The opinion of the court was delivered by: Judge Marvin E. Aspen
MEMORANDUM OPINION AND ORDER
MARVIN E. ASPEN, District Court Judge:
Plaintiff Pine Top Receivables of Illinois, LLC ("PTRIL" or "Plaintiff") filed suit on August 12, 2012 to collect payments allegedly due its assignor, Pine Top Insurance Company ("Pine Top"), from Defendant Banco de Seguros del Estado ("Banco" or "Defendant"). (Dkt. No. 1.) It seeks alternatively to compel arbitration (Count I) or to obtain judgment from the court (Count II). (Comp. ¶¶ 27, 29.) Banco filed a motion to dismiss Count I and an answer to Count II. (Dkt. Nos. 9, 13.) PTRIL moved the court to strike the motion to dismiss and the answer for failure to comply with the Illinois Insurance Code, 215 ILCS 5/123(5) ("Code"). (Dkt. No. 16.) For the following reasons, we deny Plaintiff's motion to strike.
Before entering receivership in 1985, Pine Top engaged in the reinsurance business. (Mem. at 1.) Between 1977 and 1984, Defendant entered into a number of contracts with Pine Top, by which it agreed to pay specified shares of Pine Top's liabilities related to underlying insurance contracts in exchange for premium payments and other recoveries. (Mem. at 2; Compl. ¶¶ 9--11.) In 1986, the Circuit Court of Cook County placed Pine Top into liquidation and appointed the Illinois Deputy of Insurance as its Liquidator. (Compl. ¶ 7.) During the liquidation process, Plaintiff incorporated in order to purchase Pine Top's reinsurance accounts receivable. (Mem. at 1.) The Liquidator subsequently executed an assignment to Plaintiff of all rights, title, and interest in accounts receivable arising out of Pine Top's contracts and treaties of reinsurance. (Compl. ¶ 1.)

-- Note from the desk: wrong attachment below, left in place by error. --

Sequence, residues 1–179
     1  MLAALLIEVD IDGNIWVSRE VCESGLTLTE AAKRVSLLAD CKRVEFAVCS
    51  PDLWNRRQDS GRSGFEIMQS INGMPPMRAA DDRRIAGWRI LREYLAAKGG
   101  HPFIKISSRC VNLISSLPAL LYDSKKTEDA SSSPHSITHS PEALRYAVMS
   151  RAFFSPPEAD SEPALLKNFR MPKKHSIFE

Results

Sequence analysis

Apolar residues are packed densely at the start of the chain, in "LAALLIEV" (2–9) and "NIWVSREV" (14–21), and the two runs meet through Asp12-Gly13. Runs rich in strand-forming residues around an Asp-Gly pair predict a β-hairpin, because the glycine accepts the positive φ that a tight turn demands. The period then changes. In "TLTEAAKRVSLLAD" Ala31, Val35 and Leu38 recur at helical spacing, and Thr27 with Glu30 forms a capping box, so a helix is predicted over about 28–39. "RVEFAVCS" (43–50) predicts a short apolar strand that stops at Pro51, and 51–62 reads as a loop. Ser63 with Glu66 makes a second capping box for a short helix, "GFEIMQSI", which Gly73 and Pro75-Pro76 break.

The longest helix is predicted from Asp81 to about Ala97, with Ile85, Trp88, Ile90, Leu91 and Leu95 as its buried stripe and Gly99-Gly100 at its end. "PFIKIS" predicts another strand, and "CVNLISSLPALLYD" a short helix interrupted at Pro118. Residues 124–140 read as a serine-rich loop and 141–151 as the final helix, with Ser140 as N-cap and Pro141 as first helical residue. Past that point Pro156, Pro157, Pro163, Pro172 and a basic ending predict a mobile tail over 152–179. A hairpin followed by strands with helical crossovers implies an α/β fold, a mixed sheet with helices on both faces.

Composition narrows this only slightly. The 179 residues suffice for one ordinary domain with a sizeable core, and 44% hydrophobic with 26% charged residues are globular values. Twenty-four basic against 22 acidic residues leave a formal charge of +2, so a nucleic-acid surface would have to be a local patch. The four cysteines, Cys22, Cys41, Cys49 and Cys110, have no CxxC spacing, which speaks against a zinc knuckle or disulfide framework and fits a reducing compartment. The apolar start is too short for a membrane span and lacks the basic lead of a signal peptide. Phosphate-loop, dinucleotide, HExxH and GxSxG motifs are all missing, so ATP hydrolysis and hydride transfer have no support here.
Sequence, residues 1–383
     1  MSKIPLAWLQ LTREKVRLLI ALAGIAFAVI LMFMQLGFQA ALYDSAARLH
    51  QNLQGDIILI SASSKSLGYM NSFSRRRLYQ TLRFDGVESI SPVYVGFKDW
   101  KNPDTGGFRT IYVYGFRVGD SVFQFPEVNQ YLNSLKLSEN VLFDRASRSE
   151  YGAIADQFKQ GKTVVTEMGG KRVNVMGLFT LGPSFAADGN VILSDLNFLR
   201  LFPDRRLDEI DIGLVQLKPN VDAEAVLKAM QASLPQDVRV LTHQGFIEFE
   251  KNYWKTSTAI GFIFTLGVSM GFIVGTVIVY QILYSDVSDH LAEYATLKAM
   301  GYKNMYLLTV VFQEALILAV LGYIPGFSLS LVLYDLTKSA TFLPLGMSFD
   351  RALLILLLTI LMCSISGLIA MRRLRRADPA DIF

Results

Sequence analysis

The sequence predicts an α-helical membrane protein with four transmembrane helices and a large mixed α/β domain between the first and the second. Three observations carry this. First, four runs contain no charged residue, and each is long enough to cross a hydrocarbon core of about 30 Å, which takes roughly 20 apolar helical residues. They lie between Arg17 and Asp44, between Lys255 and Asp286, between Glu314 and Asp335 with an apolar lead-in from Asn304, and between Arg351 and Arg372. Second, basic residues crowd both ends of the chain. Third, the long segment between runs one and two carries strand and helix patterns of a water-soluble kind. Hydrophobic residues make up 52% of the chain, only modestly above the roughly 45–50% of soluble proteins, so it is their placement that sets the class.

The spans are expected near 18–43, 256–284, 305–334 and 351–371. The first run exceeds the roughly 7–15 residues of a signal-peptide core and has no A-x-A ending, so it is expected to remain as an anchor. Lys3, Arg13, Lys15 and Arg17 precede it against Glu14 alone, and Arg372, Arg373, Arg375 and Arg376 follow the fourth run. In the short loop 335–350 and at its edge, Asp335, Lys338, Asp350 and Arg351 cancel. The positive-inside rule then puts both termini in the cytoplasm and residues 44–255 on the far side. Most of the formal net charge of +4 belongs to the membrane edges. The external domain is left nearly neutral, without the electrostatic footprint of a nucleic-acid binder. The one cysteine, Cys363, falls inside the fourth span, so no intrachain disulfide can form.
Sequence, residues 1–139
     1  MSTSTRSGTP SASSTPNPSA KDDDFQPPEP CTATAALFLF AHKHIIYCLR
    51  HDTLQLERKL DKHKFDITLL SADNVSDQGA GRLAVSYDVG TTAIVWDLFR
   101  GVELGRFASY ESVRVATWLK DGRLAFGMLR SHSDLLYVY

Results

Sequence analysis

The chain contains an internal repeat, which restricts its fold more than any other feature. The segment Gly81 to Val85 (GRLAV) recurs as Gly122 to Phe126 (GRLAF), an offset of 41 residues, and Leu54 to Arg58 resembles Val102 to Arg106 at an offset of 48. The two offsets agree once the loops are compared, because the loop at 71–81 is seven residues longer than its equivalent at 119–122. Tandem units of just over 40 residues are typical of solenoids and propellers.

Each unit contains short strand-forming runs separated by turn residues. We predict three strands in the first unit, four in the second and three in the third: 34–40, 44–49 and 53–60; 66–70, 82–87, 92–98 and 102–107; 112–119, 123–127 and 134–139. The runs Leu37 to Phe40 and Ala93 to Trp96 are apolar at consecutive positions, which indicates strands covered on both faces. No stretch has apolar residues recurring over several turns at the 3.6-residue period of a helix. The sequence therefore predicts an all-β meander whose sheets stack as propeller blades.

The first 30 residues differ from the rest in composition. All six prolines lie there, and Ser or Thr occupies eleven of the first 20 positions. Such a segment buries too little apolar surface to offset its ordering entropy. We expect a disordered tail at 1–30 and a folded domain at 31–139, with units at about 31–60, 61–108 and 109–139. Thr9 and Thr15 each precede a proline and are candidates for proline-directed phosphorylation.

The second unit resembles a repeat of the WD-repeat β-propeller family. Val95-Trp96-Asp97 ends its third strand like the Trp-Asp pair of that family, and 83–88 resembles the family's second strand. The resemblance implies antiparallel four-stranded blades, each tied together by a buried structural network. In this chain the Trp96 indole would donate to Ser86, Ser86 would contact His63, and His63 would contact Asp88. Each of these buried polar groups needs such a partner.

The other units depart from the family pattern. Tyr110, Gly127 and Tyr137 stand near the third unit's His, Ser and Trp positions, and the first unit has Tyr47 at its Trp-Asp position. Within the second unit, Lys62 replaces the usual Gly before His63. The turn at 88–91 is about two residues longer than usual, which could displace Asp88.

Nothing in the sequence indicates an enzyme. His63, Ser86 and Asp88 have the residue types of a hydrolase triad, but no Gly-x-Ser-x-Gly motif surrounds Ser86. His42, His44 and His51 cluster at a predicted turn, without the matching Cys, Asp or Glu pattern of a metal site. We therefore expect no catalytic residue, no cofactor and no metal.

After conducting an accounting of Pine Top's outstanding debts and credits, the Liquidator sent Defendant a letter dated July 31, 2008 demanding more than $2,000,000 in overdue balances that Defendant allegedly owed on various contracts with Pine Top. (Answer ¶ 18.) Defendant disputed the Liquidator's demand, and Plaintiff initiated the present suit to compel arbitration, or in the alternative, for judgment awarding the balance as stated by the Liquidator. (Answer ¶ 19; Compl. ¶¶ 27, 29.) Defendant has filed an answer and a motion to dismiss. (Dkt. Nos. 9, 13.)
Plaintiff moved to strike the answer and motion to dismiss, alleging that Defendant has not paid pre-judgment security as required by the Code. (Mem. at 2.) The Code provides in part:
Before any unauthorized foreign or alien company shall file or cause to be filed any pleading in any action or proceeding, including any arbitration, instituted against it, such unauthorized company shall . . . deposit with the clerk of the court in which such action or proceeding is pending or with the clerk of the court in the jurisdiction in which the arbitration is pending cash or securities or file with such clerk a bond with good and sufficient sureties, to be approved by the court, in an amount to be fixed by the court sufficient to secure the payment of any final judgment which may be rendered in such action, proceeding, or arbitration[.] 215 ILCS 5/123.